Year: 2020 Source: American Journal for Public Health. (2018). 108(6), 760-768. doi: 10.2105/AJPH.2018.304373 SIEC No: 20200172

OBJECTIVES:
To identify and compare state policies for suicide prevention training among health care professionals across the United States and benchmark state plan updates against national recommendations set by the surgeon general and the National Action Alliance for Suicide Prevention in 2012.

METHODS:
We searched state legislation databases to identify policies, which we described and characterized by date of adoption, target audience, and duration and frequency of the training. We used descriptive statistics to summarize state-by-state variation in suicide education policies.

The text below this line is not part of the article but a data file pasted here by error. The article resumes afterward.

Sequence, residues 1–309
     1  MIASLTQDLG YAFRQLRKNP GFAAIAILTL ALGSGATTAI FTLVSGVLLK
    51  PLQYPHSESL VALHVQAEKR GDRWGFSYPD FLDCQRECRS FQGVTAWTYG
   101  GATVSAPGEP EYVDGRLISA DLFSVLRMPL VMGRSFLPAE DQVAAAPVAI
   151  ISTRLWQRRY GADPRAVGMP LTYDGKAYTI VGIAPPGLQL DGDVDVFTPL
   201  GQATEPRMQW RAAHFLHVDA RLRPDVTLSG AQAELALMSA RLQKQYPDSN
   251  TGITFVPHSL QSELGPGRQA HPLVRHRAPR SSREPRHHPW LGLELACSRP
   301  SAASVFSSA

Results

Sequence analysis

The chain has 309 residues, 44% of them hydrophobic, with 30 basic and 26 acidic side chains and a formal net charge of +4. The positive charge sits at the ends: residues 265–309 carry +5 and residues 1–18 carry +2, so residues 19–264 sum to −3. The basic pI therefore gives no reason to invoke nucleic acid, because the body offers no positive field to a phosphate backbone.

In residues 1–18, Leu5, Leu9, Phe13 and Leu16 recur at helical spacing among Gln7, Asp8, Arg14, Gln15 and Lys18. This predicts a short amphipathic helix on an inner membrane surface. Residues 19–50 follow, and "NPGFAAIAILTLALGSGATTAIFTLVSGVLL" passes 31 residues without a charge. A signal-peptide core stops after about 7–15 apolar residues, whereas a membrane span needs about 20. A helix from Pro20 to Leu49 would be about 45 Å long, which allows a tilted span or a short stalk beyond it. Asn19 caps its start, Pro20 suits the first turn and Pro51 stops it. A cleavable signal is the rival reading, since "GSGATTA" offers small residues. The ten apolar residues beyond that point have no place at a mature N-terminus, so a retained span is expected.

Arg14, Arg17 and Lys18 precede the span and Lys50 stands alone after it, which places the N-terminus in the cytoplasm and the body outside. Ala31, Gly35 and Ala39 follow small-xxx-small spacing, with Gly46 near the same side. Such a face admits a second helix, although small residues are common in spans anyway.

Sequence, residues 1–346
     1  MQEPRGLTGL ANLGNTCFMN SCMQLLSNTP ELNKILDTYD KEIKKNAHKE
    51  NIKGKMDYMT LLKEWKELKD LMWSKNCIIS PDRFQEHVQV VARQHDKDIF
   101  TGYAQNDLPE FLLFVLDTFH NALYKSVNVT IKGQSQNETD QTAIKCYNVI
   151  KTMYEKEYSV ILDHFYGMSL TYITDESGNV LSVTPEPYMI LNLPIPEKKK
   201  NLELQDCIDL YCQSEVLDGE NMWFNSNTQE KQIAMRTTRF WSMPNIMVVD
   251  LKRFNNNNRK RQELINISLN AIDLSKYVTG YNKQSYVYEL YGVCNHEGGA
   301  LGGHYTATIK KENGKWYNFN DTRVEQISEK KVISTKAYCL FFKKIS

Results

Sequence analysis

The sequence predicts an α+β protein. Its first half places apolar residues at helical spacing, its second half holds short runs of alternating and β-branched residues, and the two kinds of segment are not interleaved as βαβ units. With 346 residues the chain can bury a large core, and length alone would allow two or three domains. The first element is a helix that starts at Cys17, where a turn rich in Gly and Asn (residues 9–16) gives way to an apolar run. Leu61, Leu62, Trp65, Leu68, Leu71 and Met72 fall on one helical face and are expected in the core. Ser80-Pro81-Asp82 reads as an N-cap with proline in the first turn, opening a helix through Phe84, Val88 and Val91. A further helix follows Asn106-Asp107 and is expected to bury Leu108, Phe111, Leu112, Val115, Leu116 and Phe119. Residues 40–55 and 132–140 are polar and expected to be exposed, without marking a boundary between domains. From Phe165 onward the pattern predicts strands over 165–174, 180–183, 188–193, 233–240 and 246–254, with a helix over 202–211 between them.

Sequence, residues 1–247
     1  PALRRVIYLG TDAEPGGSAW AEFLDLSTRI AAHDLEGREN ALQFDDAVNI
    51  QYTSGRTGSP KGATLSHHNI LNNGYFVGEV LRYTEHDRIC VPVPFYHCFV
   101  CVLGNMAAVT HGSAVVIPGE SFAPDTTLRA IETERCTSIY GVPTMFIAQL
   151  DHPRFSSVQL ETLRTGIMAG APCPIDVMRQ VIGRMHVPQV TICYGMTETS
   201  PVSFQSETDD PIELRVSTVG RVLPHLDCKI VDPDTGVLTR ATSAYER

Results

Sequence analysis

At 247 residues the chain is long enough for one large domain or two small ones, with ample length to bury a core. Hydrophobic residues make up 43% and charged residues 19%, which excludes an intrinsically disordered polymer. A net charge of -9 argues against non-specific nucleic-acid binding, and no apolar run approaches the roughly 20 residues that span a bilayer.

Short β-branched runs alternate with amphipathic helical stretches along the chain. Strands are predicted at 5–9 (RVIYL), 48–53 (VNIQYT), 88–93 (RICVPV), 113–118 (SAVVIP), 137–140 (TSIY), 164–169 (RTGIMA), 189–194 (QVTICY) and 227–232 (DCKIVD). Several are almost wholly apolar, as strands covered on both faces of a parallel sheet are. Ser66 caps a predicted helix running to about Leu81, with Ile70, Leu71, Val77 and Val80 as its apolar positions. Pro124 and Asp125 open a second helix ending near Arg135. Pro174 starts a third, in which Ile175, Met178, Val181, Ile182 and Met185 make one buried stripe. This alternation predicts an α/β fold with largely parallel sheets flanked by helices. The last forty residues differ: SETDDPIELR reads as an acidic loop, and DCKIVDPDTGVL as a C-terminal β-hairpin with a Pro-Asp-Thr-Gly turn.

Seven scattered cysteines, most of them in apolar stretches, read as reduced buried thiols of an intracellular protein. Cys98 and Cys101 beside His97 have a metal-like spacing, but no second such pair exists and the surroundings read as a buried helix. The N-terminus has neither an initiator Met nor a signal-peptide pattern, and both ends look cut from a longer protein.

RESULTS:
In the United States, as of October 9, 2017, 10 (20%) states had passed legislation mandating health care professionals complete suicide prevention training, and 7 (14%) had policies encouraging training. The content and scope of policies varied substantially. Most states (nā€‰=ā€‰43) had a state suicide prevention plan that had been revised since 2012, but 7 lacked an updated plan.

CONCLUSIONS:
Considerable variation in suicide prevention training for health care professionals exists across the United States. There is a need for consistent polices in suicide prevention training across the nation to better equip health care providers to address the needs of patients who may be at risk for suicide.